The Oversigning Bowl. On the podcast last week I mentioned that if I was athletic director* Michigan would not have signed up to play Alabama at any juncture because it's stupid to take a knife to an oversigning fight. With the LSU-Bama game of the year already in hype mode (both teams have this week off), Ramzy states the obvious:
The storyline that probably won't make it anywhere near the national discussion is that Saban and Miles each play the recruiting game with a stacked deck: For every four players that almost every other program in the country admits to school, Alabama and LSU each take in five.
While it won't happen, the discussion of oversigning should be one of the storylines for this particular game. LSU and Alabama should be ranked at or near the top of the polls, and every year - not just in 2011.
Both programs have top-tier head coaches and both schools - unlike the one in Columbus - are at or above the Southeastern Conference's pay grade for proven assistant coaches and coordinators. Baton Rouge and Tuscaloosa are practically required to be on every elite high school recruit's list of possibilities.
But what ensures that LSU and Alabama should be among the elite of the elite is that both have installed a system that gives them significantly less recruiting risk than most of their competitors in recruiting.
Oversigning recruits every year has given both schools built-in second and third-chances where talent acquisition is concerned. They get refunds on their bad bets, and their depth charts are proof that it works.
It's stupid to play a team that gets to look at 25% more players than you do over the course of a recruiting cycle. If you have to in a bowl game you have to but if I'm looking for an opponent it's not going to be one with an inbuilt advantage due to skeeziness. That goes double when you're coming off the attrition/recruiting problems Rodriguez left Michigan.
*[hoo boy, that's an alternate universe right there.]
Etc.: Create your own periodic-table-themed Denard Robinson tshirt.
[No coordinator or Wednesday presser this week, fyi]
News bullets and other important things:
- We might be seeing more of Frank Clark, Brennen Beyer, and Raymon Taylor.
- Woolfolk and Barnum seem to be better.
- Lewan had an ankle injury but is expected back on Saturday.
- With Barnum back, there also will be competition at right guard (currently Patrick Omameh).
Opening remarks: “It was good in some ways to have a bye week. From a health standpoint, I think it always helps you a little bit, no matter where you’re at in the season, to get a little more rested. I think our guys did a nice job with that. I thought our practices on Tuesday, Thursday, and yesterday were at a high tempo. I think there was a lot of good teaching that went on. When you look at the fundamentals of where we need to improve: blocking, tackling, all those things that go along with football, I think that was good. We’ve got five guaranteed opportunities left that we need to focus on, and obviously this week is Purdue.”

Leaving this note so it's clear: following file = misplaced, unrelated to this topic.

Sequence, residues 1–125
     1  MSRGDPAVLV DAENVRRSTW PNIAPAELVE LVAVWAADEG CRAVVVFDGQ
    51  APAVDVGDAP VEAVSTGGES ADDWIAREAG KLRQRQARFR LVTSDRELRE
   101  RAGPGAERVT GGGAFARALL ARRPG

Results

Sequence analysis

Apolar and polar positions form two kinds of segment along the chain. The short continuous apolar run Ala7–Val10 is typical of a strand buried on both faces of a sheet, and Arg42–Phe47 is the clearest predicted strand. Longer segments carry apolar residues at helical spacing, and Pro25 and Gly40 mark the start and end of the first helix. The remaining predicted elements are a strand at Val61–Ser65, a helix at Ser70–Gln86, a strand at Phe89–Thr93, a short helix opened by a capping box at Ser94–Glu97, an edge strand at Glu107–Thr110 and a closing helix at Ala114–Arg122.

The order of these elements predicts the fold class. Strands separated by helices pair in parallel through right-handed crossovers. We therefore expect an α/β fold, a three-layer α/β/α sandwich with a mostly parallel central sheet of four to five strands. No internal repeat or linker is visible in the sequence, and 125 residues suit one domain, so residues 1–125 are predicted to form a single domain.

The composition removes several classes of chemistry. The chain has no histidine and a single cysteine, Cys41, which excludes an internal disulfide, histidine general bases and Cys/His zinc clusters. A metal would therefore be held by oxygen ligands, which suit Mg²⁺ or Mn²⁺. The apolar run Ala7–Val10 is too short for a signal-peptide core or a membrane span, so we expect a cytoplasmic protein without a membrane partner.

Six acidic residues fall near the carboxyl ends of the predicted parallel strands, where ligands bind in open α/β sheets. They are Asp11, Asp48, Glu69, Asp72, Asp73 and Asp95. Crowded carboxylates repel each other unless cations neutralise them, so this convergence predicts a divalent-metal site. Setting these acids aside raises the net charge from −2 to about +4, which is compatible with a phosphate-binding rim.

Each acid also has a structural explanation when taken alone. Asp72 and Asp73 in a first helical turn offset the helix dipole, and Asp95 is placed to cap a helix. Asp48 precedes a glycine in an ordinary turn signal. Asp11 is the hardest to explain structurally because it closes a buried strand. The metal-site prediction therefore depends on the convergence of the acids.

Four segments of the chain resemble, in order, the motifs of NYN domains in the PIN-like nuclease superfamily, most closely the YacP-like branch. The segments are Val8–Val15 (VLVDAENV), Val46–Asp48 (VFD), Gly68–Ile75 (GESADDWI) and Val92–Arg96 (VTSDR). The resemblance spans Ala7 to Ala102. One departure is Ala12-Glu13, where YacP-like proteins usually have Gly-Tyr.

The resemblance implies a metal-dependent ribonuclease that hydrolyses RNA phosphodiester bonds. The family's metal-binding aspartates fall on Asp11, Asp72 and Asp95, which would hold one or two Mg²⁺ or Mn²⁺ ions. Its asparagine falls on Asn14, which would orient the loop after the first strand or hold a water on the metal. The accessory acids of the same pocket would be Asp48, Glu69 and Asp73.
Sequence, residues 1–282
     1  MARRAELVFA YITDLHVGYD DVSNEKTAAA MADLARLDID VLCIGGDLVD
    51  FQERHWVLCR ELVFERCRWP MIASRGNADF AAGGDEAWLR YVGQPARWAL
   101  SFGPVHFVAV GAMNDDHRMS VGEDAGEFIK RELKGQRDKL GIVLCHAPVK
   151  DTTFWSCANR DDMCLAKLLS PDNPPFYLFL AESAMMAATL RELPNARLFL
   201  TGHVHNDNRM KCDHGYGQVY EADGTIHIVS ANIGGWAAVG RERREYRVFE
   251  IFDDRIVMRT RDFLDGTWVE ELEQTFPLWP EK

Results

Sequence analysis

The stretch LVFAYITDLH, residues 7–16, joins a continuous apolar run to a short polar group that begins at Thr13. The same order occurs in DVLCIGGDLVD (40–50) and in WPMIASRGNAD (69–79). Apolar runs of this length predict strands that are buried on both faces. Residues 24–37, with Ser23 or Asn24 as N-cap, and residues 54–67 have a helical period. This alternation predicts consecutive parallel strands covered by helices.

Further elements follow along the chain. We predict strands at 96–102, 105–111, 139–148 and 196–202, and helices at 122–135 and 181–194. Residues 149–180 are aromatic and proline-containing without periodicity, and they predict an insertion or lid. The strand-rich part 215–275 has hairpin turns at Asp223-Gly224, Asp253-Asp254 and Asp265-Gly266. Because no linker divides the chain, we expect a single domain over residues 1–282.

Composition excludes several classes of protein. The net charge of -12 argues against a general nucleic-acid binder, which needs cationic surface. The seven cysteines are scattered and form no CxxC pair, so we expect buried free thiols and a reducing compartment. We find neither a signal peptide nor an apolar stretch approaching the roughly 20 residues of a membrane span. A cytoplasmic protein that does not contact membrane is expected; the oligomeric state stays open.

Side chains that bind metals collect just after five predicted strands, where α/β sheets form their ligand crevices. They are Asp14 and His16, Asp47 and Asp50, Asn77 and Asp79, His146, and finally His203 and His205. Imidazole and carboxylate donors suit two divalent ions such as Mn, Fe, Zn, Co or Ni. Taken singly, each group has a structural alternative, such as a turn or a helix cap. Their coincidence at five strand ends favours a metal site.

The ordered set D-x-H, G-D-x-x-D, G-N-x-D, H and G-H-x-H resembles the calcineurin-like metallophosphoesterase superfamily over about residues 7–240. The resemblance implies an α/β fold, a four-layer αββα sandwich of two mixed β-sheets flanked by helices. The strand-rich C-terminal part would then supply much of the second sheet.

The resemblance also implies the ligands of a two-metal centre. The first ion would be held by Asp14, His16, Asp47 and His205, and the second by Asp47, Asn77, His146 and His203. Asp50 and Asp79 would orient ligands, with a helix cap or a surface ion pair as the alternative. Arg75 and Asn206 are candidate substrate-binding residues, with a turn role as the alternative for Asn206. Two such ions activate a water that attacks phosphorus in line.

Any new players cracking the depth chart? “Frank Clark [is] one that comes to mind. I think Blake [Countess] has been playing, but I think that helps. Raymon Taylor, when you look at it from that vantage point, that’s good for them to get a little more work in.”
When did you move on from Michigan State, and how fired up are you for Purdue? “Well, we did that on Tuesday. Tuesday was the first time we met together as a team. [We] went through the film, met after the film, went out and practiced, and moved forward.”
You put a lot of emphasis on the trenches. How are they doing by your assessment? “I would say we are not where we need to be with the consistency of how we want to play on both groups. I think there’s been times when, from an offensive standpoint, we blocked the line of scrimmage pretty well and created movement and the things that you want to do at the point of attack. And then I think there are times we haven’t blocked it as well. I would say the same thing on defense. I think Mike’s been very consistent. He’s played better and better every week when you evaluate what he’s done in the middle. I thought Will Heininger played a better football game a couple weeks ago. Maybe one of his better games. But the consistency of all four guys is something we need to keep striving for.”
Greg Brown left the team. Why, and have you ever had guys leave in the middle of the season before? “Greg is no longer part of our team, and yes. I’ve had guys leave.”
(more after the jump.)
So it's been seven games and it's a bye week so TACO PARTY—
this is a thing you can purchase at "Fine Art America"
or steal from your crazy Aunt Betty in Pensacola
—also generic bullety midseason-type post.
BEST DEVELOPMENT. Confirmation of the offseason's Greg >>> GERG theory.
he's like defensive coordinator Zooey Deschanel.
There are still obvious weaknesses and no obvious stars past a slightly disappointing Mike Martin, but it turns out having a coherent defensive philosophy is a lot better than running around screaming "we're all gonna die but at least my hair is fantastic!!!"